What is a ‘Good’ Employee Net Promoter Score?

Last year, I wrote a blog post entitled What is a ‘Good’ B2B Net Promoter Score? which turned out to be surprisingly popular. I’m guessing that was because there’s a lot of nonsense posted on the Internet about companies achieving a NPS (net promoter score) of +62% or even +78%, or about people being hugely disappointed because they only achieved a score of +25%.

Meanwhile, some of our own clients at Deep-Insight clients used to get upset when I would tell them that their NPS was only marginally positive or – ever worse – negative.

The two simple messages in that blog post were:

“Be careful about how you interpret NPS figures” and

“A Net Promoter Score of around +10% is the average for European B2B firms.”

In that blog, I was discussing NPS as a measure of customer advocacy but more and more, it is also becoming the de facto standard for measuring employee advocacy and employee engagement. So this blog will address the question: “What is a ‘Good’ Employee Net Promoter Score?”

Before I let you know what that magic number is, it’s worth digressing slightly to explain the basics of how NPS is calculated. If you’re already a net promoter aficionado, you can skip the box below.

HOW IS THE NET PROMOTER SCORE CALCULATED?

For the uninitiated, a company’s Employee Net Promoter Score (eNPS) is based on the answers its employees give to a single question: “On a scale of 0 to 10, how likely are you to recommend Company X to a friend or colleague?” Employees who score 9 or 10 are called ‘Promoters’. Those who score 7 or 8 are ‘Passives’ while any employee who gives a score of 6 or below is a ‘Detractor’. The actual eNPS calculation is:

Net Promoter Score = % of Promoters minus % of Detractors

Theoretically, companies can have a Net Promoter Score ranging from -100% to +100%.

So think about it. The only Promoters you have in your company are those employees who are prepared to give you a score of 9 or 10 out of 10. In the average American company (remember that the whole Net Promoter concept originated in the USA) that makes sense. Americans tend to score very positively when they are satisfied, so having a high cut-off point is appropriate. However, if you’ve grown up and live and work in a European country, you approach the Net Promoter question from a different cultural perspective.

Many – nay, most – Europeans regard 8/10 as a very good score. Some will argue that 9s or 10s are only handed out in exceptional circumstances. This is culturally ingrained into us Europeans through our schooling system and particularly through our university grading system, where score of 80% (8 out of 10) and higher are almost unheard of.

These cultural differences have to be taken into account when interpreting whether a particular Employee Net Promoter Score is ‘good’ or ‘bad’.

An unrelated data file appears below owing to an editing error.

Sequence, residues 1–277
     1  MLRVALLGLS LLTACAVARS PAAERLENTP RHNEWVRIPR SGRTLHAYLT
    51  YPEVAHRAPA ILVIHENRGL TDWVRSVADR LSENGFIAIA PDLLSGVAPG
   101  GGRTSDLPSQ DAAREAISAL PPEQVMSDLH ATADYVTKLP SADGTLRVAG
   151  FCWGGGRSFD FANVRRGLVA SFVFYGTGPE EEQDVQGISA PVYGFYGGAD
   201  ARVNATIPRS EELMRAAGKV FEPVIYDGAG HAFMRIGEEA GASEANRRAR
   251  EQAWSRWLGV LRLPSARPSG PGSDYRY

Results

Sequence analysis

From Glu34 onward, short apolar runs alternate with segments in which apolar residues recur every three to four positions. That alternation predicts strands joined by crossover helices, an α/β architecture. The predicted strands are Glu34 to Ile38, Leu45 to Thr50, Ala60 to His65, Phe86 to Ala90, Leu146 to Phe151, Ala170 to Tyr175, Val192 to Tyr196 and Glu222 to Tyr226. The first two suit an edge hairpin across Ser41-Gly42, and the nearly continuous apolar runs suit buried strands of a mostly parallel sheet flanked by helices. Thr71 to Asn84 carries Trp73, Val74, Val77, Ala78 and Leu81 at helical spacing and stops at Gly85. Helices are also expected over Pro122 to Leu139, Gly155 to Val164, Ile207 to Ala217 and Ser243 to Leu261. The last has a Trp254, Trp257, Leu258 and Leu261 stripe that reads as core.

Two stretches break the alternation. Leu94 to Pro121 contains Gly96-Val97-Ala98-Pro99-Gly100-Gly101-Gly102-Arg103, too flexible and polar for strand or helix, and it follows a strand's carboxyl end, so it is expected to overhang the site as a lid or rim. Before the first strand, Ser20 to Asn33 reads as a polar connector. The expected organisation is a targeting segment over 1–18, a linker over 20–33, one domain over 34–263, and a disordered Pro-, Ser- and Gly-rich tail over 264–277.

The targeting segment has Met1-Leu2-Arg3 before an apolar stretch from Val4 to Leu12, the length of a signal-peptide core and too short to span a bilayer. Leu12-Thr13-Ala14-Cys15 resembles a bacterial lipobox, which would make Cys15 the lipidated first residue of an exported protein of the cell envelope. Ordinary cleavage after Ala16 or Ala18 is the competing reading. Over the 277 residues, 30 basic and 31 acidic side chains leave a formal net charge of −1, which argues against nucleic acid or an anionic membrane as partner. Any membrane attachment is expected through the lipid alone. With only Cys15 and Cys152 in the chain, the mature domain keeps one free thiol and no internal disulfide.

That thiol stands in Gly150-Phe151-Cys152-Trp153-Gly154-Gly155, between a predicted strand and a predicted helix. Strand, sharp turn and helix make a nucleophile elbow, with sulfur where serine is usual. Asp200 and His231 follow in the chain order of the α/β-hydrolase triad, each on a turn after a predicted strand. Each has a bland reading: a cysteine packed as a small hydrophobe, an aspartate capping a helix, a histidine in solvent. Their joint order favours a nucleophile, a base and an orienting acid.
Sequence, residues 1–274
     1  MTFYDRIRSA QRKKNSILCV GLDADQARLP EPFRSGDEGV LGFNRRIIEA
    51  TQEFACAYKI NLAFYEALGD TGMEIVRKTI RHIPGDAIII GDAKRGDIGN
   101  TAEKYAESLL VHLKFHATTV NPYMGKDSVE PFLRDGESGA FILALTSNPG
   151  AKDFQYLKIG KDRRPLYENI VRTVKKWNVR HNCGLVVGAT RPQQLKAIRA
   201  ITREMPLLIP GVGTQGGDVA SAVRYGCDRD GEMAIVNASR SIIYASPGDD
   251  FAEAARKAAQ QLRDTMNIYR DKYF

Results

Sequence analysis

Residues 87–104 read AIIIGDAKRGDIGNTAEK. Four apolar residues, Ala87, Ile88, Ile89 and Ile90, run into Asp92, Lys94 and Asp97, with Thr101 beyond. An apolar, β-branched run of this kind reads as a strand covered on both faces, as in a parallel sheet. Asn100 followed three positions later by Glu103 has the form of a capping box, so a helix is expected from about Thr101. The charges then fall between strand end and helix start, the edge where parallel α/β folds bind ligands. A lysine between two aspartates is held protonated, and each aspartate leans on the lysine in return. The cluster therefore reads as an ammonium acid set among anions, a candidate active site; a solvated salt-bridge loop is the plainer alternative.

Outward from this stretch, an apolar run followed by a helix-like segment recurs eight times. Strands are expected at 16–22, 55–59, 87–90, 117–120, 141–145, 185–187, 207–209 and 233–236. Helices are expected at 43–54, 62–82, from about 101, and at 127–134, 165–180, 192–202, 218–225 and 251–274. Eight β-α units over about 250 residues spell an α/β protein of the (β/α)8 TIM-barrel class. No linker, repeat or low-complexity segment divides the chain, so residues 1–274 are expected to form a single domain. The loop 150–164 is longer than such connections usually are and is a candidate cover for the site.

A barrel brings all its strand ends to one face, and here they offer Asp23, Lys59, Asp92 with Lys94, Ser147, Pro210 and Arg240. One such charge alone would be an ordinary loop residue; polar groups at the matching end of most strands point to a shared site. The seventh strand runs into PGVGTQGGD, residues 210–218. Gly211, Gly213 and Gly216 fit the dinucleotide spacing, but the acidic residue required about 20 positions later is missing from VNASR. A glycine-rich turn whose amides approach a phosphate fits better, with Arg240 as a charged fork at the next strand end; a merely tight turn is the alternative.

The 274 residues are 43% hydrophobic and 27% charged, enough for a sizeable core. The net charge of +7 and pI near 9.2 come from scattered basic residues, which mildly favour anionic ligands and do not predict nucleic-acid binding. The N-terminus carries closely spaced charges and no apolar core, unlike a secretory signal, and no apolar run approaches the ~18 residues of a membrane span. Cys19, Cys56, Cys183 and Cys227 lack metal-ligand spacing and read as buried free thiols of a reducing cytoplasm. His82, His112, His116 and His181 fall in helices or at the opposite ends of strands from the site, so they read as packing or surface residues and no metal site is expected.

So what is the magic number?

We have been measuring NPS and eNPS since 2006, mainly for European and Australian companies, and the average Employee Net Promoter Score across all of our clients during that time has been a paltry -10%. Yes, that really is a negative sign before the 10.

Minus Ten Percent!

Put it another way: achieving a positive Employee Net Promoter Score is a solid achievement for most European firms, and only very rarely have we seen eNPS results in excess of +20%.

So there you have it. If your company, or department, has just received a negative eNPS in the latest employee survey, don’t feel too bad. You’re in good company!

 

To find out more about Deep-Insight’s employee assessments, click here.

* Net Promoter® and NPS® are registered trademarks and Net Promoter SystemSM and Net Promoter ScoreSM are trademarks of Bain & Company, Satmetrix Systems and Fred Reichheld

5 Generic Actions to Drive up your Relationship NPS Scores

We run B2B customer assessments for large corporate clients in the Netherlands and elsewhere. Very often I get asked questions like this after we deliver the customer feedback to senior management:

“OK, you’ve told us what our customers think of us, but what do we do about it now?”

“Tell us what we do in the next few weeks so that we don’t lose momentum.”

So here’s what I tell them:

1. BRIEF YOUR PEOPLE.

Typically, you need to brief at two levels and both are equally important:

– Executive Team. The senior executives in your organisation need to ‘own’ the overall results. If the customer feedback is negative or requires fundamental change, only the executive team can decide on the appropriate actions.

– Account Managers. These are the people who need to ‘own’ the results at account level. They are also the people you need to set up and run the account feedback sessions (see below).

Make sure to get the senior executives to read all the verbatim comments and see if their summary of the top issues agrees with the Deep-Insight analysis (they will understand the context better than we can). The most effective way of increasing Customer Relationship Quality (CRQ) and NPS scores is to have the programme driven by the executive team. Without the drive and passion at this level, the programme will fail.

2. DISCUSS THE RESULTS WITH YOUR CLIENTS.

Typically this happens in two stages:

– Stage 1. Within 2 weeks of the assessment results being delivered, you should get a general communication to all customers that you invited to give feedback. This should include a general ‘Thank You’ message for participating in the assessment (OK, not everybody completed it – our completion rates are typically 35-40% – but let’s not be mean!) as well as a message that their account manager will be in touch to arrange a feedback session to discuss the results (the overall results plus the specific results for their account)